are searching for a workable solution to the difficulties
of providing instruction for a diverse population while also
meeting the demands of state standards. You may have students
at the secondary level who are reading and performing at only
the fourth grade level, in addition to large numbers of students
with exceptional needs in the inclusion setting. What is a
teacher to do? Try differentiated instruction.
instruction provides an opportunity to plan curriculum and
instruction that meets the needs of academically diverse learners
by honoring each student’s learning needs and maximizing
each student’s learning capacity. (Tomlinson, 1999).
are five key concepts for differentiated instruction:
CONTENT: What is taught; accessibility to the information
and ideas that matter.
texts at varying reading levels
organizers and anticipation guides for note-taking
examples and illustrations based on student interests
How students come to understand and “own” the
knowledge, skills, and understanding.
the pacing of student work
activities that lead to a variety of perspectives on topics
critical content in the text
and tier large assignments and projects
PRODUCT: Student demonstration of what he or she has come to know,
understand, and be able to do.
bookmarked Internet sites at different levels of complexity
rubrics for success based on grade level expectations and
individual student learning needs
students to use a range of presentation tools and products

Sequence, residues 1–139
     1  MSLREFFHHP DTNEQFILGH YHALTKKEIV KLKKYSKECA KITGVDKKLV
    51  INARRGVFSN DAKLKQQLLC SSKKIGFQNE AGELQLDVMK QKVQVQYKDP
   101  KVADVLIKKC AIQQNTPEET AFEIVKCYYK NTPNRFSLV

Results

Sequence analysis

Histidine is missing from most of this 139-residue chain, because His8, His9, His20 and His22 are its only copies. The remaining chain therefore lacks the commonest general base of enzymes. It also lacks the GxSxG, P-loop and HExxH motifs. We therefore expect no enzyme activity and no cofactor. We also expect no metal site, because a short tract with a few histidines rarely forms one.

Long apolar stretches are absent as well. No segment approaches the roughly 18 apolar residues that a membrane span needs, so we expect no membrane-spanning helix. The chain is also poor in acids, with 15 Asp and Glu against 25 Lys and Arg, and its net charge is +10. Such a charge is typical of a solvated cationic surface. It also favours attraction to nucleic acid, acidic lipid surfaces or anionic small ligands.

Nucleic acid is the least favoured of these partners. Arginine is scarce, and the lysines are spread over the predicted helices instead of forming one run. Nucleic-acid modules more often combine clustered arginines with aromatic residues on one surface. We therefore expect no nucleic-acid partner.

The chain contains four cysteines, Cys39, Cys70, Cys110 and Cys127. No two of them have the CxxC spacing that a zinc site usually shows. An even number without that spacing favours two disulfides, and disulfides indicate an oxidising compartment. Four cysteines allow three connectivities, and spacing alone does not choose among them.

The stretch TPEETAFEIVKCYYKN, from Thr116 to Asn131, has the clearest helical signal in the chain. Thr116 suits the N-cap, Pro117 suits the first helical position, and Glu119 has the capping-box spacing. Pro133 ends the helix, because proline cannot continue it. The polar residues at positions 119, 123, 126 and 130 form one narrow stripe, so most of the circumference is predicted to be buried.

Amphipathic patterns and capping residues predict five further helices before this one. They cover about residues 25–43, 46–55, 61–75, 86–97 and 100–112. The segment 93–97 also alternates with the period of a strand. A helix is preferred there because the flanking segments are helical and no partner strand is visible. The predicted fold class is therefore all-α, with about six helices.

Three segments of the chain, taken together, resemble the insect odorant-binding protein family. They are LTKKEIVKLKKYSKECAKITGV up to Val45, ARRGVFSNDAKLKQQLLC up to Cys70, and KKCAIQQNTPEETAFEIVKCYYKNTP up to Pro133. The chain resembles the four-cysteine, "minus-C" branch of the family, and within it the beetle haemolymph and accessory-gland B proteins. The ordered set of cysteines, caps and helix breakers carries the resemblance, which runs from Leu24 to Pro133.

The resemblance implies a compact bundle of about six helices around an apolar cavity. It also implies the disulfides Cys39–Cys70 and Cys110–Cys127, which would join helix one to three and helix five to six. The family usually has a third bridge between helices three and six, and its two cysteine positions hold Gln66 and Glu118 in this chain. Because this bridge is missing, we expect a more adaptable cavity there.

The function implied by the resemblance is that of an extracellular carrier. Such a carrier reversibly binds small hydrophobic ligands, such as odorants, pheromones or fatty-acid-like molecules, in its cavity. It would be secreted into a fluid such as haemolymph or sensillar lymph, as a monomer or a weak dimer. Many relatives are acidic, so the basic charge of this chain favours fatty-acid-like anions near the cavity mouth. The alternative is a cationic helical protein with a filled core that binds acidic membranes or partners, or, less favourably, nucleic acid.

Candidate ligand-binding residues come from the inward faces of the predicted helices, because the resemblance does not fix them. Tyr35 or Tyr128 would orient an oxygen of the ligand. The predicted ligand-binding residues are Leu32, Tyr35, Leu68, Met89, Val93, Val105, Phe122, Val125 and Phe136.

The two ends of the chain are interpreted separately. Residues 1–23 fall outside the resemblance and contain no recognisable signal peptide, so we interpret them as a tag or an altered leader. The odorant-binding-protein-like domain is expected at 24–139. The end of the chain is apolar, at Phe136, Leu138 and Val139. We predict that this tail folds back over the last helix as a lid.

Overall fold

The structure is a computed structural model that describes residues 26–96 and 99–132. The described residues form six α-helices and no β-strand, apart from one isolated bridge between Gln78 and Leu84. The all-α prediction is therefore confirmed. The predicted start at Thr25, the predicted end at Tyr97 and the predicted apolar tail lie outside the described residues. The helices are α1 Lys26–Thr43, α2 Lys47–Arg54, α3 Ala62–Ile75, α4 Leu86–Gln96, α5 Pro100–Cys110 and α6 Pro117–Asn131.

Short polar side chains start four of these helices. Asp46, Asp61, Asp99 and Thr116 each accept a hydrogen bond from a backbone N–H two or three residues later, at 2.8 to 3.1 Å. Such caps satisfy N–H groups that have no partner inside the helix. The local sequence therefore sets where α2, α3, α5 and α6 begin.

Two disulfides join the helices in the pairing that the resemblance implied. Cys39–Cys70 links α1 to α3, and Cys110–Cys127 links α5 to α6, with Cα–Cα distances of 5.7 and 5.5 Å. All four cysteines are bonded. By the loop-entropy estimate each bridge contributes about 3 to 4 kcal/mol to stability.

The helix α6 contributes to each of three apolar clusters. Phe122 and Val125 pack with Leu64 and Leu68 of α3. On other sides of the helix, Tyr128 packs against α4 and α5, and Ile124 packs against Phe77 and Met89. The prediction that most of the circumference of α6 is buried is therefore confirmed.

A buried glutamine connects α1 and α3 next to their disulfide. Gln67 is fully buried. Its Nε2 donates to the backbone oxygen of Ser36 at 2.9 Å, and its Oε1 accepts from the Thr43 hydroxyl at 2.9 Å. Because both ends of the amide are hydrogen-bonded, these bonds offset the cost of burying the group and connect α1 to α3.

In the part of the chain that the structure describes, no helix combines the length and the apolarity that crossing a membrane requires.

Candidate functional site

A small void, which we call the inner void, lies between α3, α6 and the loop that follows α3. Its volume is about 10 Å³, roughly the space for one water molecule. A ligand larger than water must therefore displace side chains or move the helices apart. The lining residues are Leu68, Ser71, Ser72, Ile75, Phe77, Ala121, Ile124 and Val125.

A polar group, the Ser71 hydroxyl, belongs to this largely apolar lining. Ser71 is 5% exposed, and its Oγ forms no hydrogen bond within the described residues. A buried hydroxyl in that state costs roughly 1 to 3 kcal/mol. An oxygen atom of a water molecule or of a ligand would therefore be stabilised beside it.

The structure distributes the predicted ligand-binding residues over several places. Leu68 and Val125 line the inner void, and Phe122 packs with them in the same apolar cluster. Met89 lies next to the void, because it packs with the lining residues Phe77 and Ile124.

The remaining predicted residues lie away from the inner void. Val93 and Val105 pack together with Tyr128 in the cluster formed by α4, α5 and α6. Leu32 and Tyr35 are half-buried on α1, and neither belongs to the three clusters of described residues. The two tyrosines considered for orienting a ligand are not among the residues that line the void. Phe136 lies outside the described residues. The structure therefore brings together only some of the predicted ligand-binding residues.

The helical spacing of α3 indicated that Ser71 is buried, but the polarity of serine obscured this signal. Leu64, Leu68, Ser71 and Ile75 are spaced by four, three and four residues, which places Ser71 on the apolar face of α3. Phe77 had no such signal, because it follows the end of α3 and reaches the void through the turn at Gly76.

AFFECT: Student linking of thought and feeling in the classroom.
students develop multiple perspectives on topics and issues
equitable participation of each student
for choice and individuality
ENVIRONMENT: Classroom function and feeling.
of furniture for individual, small group and whole group
of supplies and materials
and management techniques for various arrangements and tasks
of the subject/content area, employing differentiated instruction
is one way for teachers to be responsive to his or her students’
academic, social, emotional needs and level of learning readiness,
and thereby empowering the students to learn and have multiple
and varied opportunities for practice.
C. A. (1999). The Differentiated Classroom: Responding
to the needs of all learners. ASCD.
& Whittaker (2006). Planning Differentiated
Multiculural Instruction for Secondary Inclusive Classrooms.
Teaching Exceptional Children 38(3).12-20.
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